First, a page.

This hysterical atmosphere encouraged the English Defence League and their off-shoots in their violent actions and speech against muslims in general, and in particular in the regular weekly mob besieging of the Othmans’ family house when the address was supposed to be kept secret by a court order for their safety. Those Saturdays were a terrifying ordeal for the family, but it took a court case to get the police to stop it.

The Othman saga is part of a story of great cruelty by our society against a group of muslim families who settled here happily and successfully as refugees two decades ago. It was a time when Middle East and North African civil wars or repression by corrupt dictators who have mostly now fallen, brought many families here for safety.

Mr Othman is a Palestinian born in Bethlehem and brought up in Jordan where in Black September in 1970 thousands of Palestinians were killed by the Jordanian army. He was granted political asylum here in 1994 on the grounds of torture while in prison in Jordan. But everything was changed for these refugees by the US and UK governments’ response to 9/11 with arbitrary arrests and measures that have broken and scarred many innocent families here in the last decade.

For 12 years Mr Othman has been the subject of immigration measures, which have taken him from his family and seen him imprisoned in High Risk Category A units for longer than any other non-convicted person in modern British history. Mr Justice Mitting in the Special Appeals Immigration Commission (SIAC), who was then responsible for granting him bail against the government’s wishes, described the period he had been held as “lamentable…extraordinary…hardly, if at all, acceptable.”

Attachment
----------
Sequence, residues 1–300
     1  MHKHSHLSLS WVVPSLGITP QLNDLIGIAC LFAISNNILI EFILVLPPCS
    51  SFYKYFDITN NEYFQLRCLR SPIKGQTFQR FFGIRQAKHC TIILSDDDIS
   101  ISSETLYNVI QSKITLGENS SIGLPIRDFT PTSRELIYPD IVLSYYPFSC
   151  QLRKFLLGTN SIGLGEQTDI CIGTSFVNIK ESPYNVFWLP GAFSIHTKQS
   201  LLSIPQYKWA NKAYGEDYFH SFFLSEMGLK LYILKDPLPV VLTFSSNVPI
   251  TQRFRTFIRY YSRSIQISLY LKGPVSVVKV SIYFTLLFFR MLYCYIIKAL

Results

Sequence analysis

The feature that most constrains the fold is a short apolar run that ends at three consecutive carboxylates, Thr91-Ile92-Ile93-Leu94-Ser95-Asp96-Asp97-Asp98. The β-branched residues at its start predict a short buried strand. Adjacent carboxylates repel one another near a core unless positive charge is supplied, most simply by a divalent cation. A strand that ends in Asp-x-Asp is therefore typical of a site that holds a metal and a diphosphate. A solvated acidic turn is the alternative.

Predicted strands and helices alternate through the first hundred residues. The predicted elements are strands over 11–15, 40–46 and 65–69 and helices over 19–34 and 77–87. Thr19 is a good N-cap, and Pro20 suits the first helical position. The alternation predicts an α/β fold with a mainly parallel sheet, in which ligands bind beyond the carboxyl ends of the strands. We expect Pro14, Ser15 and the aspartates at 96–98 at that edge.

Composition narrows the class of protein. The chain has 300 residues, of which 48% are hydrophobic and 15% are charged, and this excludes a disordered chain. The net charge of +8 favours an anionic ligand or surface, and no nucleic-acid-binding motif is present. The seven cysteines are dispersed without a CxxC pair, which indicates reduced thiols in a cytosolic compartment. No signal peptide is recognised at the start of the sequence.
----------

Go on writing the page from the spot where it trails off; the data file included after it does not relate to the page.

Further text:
Mr Othman was detained in Belmarsh prison as one of a dozen muslim refugee men arrested post 9/11 and held without charge for two and a half years. He and his family were the psychological support for others through the stress of indefinite detention, which took a heavy toll on the mental health of many of the men, and on their families. There were suicide attempts and several men were admitted to Broadmoor Secure Mental Hospital. A team of 11 psychiatrists assessed the group as suffering “helplessness and hopelessness.”

After the House of Lords declared their detention illegal, they were released and subjected to house arrest with rigorous conditions. But even that restricted family life was only enjoyed for 15 months by this family. Mr Othman’s bail was revoked three times – in hearings that relied mainly on secret evidence and on the allegation that he would attempt to leave the country. (Given the extraordinary level of surveillance he was under; the unchallengeable fact that this family of seven people is the tightest of units; and his own code of honour eloquently expressed to the judge, absconding could hardly be taken seriously.)

Having been a friend of Mrs Othman and her daughters for some years, and a visitor to her husband in Long Lartin prison, I have personal experience of the high moral standards and intellectual and cultural interests of this man and his family. He is a charismatic scholar who western Security Services and British politicians have made into an Islamic counter-terrorism myth. They should instead have tried talking to him.

With his scholarship and life experiences Mr Othman could have played a good role in our divided society where many muslim youths are short of role models they can respect. Today many such young men do respect him without knowing him just because of the extraordinary disrespect and cruelty the government and media have shown him and his family. This has done nothing for social cohesion.

Mr Othman might be seen as someone like Guy Fawkes, albeit that before he was tortured, Mr Fawkes was actually caught with the gun-powder. Like his 16th century catholic clerical predecessors, Abu Qatada had to sit in modern-day versions of the Tower of London. In the end, SIAC did not prove itself to be the Star Chamber and the settlement of this issue will stand as an essential victory for the right to a fair trial for all persons anywhere in the world.

(NOTE: CAGE represents cases of individuals based on the remit of our work. Supporting a case does not mean we agree with the views or actions of the individual. Content published on CAGE may not reflect the official position of our organisation.)